transaction.Rollback();
        }
    }
    finally
    {
        CloseSession(configPath);
    }
}

private void CloseSession(string configPath)
{
    var session = IoC.Resolve(configPath) as ISession;
    session.Close();
}

/// <summary>
/// Checks for an open transaction in the specified Session.
/// </summary>
/// <param name="transaction">The transaction to check.</param>
/// <returns>
/// 	<see langword="true"/> if the <paramref name="transaction" /> is not null and open; otherwise, <see langword="false"/>.
/// </returns>
private bool HasOpenTransaction(ITransaction transaction)
{
    return transaction != null && !transaction.WasCommitted && !transaction.WasRolledBack;
}

As you can see, this retrieves all sessions from our IoC container and commits and closes them as expected.

The PerWebRequest Lifestyle

Note that our IoC container is Windsor, and it has the concept of Lifestyles, which indicate how long an item should remain in the container before it is disposed.  In order to manage sessions appropriate in our scenario above (where we open and close them at the beginning and end of a request, respectively), we need to ensure that we add them with the PerWebRequest lifestyle.  This tells Windsor to dispose the sessions once the request is over.  This ensures we do not use the same session on more than one request.

In the code above, when we add the sessions to the IoC container, you saw the IoC.AddInstance method being called.  This is what ensures the sessions go into the container with a PerWebRequest lifestyle.  Here is the code of that method:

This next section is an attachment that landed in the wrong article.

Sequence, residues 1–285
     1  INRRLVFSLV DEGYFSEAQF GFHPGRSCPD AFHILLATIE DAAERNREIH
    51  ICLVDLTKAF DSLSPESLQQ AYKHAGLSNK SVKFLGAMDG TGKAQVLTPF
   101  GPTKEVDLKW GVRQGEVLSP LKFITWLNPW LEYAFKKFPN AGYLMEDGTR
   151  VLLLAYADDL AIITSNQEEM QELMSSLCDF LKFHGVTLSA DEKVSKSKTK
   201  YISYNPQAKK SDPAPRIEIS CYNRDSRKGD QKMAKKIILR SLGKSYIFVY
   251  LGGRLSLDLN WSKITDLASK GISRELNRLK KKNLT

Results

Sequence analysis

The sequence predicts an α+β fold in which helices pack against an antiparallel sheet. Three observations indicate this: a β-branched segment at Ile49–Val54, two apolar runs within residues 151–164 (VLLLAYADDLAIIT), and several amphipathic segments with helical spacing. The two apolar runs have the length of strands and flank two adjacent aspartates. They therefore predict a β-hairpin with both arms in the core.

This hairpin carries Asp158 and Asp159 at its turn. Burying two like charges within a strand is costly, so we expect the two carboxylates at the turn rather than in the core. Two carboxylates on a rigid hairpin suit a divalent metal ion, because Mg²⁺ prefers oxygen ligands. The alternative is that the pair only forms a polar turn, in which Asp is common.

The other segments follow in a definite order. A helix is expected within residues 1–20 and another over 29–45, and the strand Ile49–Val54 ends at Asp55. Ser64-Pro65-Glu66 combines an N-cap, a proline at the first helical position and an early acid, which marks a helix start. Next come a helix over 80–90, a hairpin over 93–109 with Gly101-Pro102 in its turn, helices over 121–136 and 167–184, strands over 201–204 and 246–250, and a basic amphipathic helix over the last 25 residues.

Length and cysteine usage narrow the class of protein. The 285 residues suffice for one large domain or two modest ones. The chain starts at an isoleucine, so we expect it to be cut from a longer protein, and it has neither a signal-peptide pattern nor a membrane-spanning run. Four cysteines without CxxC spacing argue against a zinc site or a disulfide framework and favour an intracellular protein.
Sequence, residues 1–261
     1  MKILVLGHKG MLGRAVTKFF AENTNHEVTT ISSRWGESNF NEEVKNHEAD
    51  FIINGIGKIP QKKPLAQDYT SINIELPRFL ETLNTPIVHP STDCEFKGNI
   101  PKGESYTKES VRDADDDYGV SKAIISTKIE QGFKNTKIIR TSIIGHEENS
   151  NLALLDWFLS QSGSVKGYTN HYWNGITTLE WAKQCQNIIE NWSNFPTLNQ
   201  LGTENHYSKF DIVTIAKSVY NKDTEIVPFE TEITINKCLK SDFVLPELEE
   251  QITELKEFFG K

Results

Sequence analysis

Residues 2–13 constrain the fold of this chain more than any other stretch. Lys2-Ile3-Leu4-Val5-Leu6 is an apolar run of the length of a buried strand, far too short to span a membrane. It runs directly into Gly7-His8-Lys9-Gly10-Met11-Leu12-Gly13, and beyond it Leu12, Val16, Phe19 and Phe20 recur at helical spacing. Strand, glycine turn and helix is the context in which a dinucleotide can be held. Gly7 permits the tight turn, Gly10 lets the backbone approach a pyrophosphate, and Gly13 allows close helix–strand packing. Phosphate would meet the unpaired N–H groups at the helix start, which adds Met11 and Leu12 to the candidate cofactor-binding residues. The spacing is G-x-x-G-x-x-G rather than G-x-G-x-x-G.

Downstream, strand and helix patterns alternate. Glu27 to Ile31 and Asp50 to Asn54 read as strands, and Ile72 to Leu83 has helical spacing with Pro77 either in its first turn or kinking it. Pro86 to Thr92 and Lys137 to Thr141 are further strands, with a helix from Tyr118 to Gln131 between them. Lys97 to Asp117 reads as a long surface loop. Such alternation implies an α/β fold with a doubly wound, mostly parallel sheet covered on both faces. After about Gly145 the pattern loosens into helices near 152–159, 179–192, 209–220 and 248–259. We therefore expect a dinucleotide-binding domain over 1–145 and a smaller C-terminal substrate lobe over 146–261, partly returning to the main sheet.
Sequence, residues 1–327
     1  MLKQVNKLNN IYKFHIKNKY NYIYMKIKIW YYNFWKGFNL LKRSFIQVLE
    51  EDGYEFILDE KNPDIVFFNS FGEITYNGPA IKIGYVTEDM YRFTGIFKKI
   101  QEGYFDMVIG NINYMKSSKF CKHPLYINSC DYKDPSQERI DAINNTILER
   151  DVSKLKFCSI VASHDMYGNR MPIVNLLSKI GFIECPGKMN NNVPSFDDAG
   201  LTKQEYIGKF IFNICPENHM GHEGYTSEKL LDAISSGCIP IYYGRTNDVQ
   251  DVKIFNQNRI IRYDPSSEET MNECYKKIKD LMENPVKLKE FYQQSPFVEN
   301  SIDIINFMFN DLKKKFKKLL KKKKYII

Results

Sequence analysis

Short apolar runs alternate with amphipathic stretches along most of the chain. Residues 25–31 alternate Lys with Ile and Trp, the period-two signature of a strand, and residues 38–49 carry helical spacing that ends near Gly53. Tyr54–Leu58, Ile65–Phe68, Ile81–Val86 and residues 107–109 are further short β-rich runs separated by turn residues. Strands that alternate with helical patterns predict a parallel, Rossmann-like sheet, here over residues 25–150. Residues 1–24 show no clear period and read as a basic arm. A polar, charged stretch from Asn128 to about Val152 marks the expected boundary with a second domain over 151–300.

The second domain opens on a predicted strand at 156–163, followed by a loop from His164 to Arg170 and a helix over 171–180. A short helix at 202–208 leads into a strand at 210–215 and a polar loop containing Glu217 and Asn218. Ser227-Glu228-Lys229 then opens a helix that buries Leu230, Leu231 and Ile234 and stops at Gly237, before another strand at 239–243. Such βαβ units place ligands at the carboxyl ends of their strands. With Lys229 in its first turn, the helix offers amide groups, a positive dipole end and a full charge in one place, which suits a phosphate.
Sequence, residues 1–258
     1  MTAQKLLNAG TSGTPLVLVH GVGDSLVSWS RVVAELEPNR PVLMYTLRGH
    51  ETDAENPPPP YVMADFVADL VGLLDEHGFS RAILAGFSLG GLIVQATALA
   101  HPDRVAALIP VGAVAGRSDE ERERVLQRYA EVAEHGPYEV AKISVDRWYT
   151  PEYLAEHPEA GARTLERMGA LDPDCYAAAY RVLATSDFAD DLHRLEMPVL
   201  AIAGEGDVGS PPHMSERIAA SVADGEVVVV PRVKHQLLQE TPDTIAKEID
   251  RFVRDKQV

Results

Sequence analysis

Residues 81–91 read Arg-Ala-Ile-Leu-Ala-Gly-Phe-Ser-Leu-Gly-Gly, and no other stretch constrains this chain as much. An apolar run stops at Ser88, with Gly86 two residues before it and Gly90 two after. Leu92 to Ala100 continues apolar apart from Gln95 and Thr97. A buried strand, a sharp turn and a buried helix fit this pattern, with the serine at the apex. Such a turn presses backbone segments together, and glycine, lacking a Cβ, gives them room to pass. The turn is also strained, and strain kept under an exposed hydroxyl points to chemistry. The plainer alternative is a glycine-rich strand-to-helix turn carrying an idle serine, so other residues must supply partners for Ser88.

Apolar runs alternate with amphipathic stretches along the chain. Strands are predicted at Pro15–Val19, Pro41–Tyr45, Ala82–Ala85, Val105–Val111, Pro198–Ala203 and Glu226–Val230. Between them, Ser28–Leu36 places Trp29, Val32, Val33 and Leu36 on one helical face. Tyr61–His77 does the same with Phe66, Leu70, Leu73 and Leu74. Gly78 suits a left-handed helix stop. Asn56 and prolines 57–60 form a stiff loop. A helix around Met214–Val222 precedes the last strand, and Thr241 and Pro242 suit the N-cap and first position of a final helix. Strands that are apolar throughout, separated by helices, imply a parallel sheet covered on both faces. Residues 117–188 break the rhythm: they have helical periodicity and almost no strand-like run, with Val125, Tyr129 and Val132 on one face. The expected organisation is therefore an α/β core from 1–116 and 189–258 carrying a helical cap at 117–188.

public static void AddInstance<ServiceType>(string key, Function<ServiceType> factory)
{
    _defaultContainer.Register(Component.For<ServiceType>().UsingFactoryMethod(factory).Named(key).LifeStyle.PerWebRequest);
}

An important note: anything that depends on the session in the IoC container must also have the same PerWebRequest lifestyle in order for everything to be disposed of properly.  This includes the repositories that I describe below.

Using the Sessions

In our solution, we use repositories as our data access layer, and these inherit from a base Repository<T> class.  Now that our sessions have been added to IoC, we’ll need to inject them into the repositories appropriately.  As mentioned above, they need to be added with the PerWebRequest lifestyle, and the simples way to do this is to load all types that inherit from IRepository<T> into the IoC container in the application start event in the Global.asax: